Protest tips for protesting photos: what to do and not to do, how to blur faces, basic equipment

With expired documents assuming Roe v. Wade can be canceled protests in support of reproductive rights are being organized across the country later this year by the US Supreme Court. Parts of Judge Samuel Alito’s preliminary opinion could significantly shrink the rights guaranteed to American citizens, with opportunities for future criminalization of contraception and the annulment of same-sex and interracial marriages on a state-by-state basis.

If you are going to protest against these and other injustices and take pictures while you are doing it – as is right in your First Amendment – there are some things to keep in mind. Whether you’re using a smartphone or a DSLR, documenting a protest with photos and video can be an important part of telling the story of what happened and when. But these photos can also be used to injure you or your fellow protesters. Here are some steps you can take to help protect yourself and others.


Before you pick up your camera and rush through the door, ask yourself why you want to take pictures of this event. You should not take pictures of a protest for likes, followings or influence on social networks. Don’t go to a protest just to say you were there. The protests are not photo shoots, and the people on the streets, venting their anger and frustration with systemic injustices, are not there to pose for your Insta. Just think about your motives and be honest with yourself.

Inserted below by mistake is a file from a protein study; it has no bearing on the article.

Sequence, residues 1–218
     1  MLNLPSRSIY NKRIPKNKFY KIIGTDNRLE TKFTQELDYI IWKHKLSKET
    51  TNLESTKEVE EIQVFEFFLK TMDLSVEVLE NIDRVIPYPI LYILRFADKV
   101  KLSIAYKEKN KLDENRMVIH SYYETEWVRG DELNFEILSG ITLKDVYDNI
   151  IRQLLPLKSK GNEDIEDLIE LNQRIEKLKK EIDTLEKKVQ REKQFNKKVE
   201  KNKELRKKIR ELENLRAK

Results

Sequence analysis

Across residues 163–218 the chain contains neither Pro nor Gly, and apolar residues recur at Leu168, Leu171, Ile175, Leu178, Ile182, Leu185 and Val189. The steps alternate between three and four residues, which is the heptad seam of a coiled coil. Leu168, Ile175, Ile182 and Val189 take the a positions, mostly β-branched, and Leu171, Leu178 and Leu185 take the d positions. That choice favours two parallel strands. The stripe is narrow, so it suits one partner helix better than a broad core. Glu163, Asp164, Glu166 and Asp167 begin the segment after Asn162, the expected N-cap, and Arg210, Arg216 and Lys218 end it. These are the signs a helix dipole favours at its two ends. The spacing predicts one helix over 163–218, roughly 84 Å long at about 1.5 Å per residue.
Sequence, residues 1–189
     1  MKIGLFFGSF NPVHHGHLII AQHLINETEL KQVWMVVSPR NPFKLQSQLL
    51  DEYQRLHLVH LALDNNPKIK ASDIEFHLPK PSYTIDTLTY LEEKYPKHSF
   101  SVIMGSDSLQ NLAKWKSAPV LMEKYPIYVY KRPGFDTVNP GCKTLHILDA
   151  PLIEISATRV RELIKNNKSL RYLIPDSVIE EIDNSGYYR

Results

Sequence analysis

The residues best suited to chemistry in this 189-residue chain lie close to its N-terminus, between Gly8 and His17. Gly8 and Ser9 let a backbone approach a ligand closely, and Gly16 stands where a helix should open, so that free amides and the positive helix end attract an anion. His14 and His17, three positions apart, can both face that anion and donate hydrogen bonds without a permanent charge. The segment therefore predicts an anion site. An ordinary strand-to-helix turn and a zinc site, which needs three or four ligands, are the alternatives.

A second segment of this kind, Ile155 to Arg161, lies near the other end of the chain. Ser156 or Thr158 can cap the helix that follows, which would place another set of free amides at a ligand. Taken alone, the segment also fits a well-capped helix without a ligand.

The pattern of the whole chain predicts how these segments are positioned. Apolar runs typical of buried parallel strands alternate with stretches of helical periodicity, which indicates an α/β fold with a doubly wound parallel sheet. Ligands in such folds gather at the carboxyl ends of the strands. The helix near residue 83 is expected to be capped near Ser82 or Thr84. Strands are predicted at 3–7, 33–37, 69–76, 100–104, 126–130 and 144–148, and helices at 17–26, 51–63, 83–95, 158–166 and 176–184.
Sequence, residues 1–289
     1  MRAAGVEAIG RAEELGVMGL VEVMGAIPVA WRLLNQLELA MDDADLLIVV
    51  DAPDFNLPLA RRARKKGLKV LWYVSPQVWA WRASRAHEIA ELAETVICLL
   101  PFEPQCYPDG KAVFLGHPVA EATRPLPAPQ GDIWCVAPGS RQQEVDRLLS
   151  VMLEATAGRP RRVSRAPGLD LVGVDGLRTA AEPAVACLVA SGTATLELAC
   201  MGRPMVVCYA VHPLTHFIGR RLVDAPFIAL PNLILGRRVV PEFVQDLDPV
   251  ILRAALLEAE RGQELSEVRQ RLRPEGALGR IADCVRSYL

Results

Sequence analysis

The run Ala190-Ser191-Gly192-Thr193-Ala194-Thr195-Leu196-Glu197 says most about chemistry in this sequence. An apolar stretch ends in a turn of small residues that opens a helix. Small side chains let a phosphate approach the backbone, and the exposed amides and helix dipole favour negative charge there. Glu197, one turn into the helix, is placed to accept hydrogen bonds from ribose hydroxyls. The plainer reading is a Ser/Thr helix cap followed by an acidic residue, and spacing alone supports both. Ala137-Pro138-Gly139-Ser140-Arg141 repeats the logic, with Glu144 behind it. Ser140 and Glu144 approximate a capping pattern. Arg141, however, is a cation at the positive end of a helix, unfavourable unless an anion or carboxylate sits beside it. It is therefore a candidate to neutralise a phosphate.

Would you still like to protest if you leave your phone and camera at home? Be a protester first, then a photographer.

Make a plan and bring a friend

Staying safe in protest can be difficult, but we have a few guides that can help you with this, including How to protect yourself with the right equipment and How to protect your smartphone and data privacy.

In particular, protest with a few friends, relatives or roommates. Stick together, share supplies, watch out for each other. Going to protest with just one other person can remove a lot of stress from him. Your friend can keep an eye on you while you take pictures and make sure you don’t stand in anyone’s way.

If the police declare an assembly illegal and start using force to disperse crowds, it can be really difficult to find a reliable way home. Rideshare services like Lyft or Uber may not be able to take you. The same goes for public transport; buses and trains can be closed or diverted around protest routes.

The easiest plan is the simplest: Plan your walk. You don’t have to walk all the way home, but be prepared to walk about a quarter of a mile before you find a bus, train, or driver who wants to pick you up. If you can, ask a friend who will not be at the protest if he can come and pick you up. As a last resort, check out social media. Search under local hashtags for organizations that offer attractions or retweet people who protest. However, stick to trusted organizations; don’t let a stranger come pick you up.

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